As you can see, the price is right.

Amazon.com : Roland Pitted Baby Kalamata Olives, 4-Pounds 6-Ounce Jar : Kalamata Olives Condiments : Grocery & Gourmet Food
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Old 07-08-2014, 01:52 AM
Status: "Support the Mining Law of 1872" (set 15 days ago)
 
Location: Cody, WY
9,589 posts, read 10,942,364 times
Reputation: 19234
Quote:
Originally Posted by newenglandgirl View Post
Virgo?
Yes, of course. Now, be truthful: did you think I seemed to be a Virgo OR do you recall the discussion last year about September birthdays? Although I'm a professional psychic I'm very much a skeptic regarding astrology.

Now for my money-saving tip for everyone who loves Christmas fruitcake: don't buy them, bake your own and start doing it now. They need to be sealed in tins with rum, brandy, etc. for at least ten weeks (longer is better) so it's time to get going.

I know that there are some great bakeries that ship anywhere, but you can make one yourself that you'll like far more because you can select the ingredients. You'll save a bundle as well. I'll be baking 24 so that I can have them from Halloween until some time in April or May. Australians eat them all year, but I believe that being deprived for a few months heightens the gustatory pleasure.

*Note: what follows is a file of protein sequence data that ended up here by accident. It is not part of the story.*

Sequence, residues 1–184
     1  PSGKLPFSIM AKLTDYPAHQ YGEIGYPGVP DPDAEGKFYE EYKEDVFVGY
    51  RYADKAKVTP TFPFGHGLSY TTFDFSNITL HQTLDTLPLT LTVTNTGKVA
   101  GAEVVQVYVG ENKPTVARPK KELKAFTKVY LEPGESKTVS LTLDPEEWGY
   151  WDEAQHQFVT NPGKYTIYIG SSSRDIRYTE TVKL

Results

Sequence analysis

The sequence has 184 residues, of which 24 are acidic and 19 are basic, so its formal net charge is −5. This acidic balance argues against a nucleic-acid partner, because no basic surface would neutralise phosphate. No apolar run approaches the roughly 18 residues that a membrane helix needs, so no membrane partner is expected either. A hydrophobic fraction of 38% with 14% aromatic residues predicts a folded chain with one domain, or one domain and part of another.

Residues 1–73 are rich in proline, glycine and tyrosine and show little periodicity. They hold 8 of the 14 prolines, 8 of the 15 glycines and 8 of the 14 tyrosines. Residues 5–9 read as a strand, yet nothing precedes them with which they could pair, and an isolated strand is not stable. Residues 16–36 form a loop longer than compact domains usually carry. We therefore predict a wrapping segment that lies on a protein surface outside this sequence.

If it's your first time try different combinations of ingredients; do keep records on or in the tin. Why not tailor the fruitcakes to your palate? Surely you do this with everything else you prepare.

You can make something even tastier than this, but for far less money. So start looking at recipes now.

https://www.collinstreet.com/pages/o...luxe_fruitcake

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Old 07-08-2014, 04:56 AM
 
Location: Near a river
16,042 posts, read 18,994,426 times
Reputation: 15649
Quote:
Originally Posted by Happy in Wyoming View Post
Yes, of course. Now, be truthful: did you think I seemed to be a Virgo OR do you recall the discussion last year about September birthdays? Although I'm a professional psychic I'm very much a skeptic regarding astrology.
No recollection whatsoever about Sept birthdays. You are a classic.

(the good stuff: frugal, fastidious, gourmet, detailed, analytical, generous)
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Old 07-19-2014, 02:50 PM
Status: "Support the Mining Law of 1872" (set 15 days ago)
 
Location: Cody, WY
9,589 posts, read 10,942,364 times
Reputation: 19234
Annoyed by the store price of ground mustard, I checked Amazon and found this.

http://smile.amazon.com/gp/product/B...?ie=UTF8&psc=1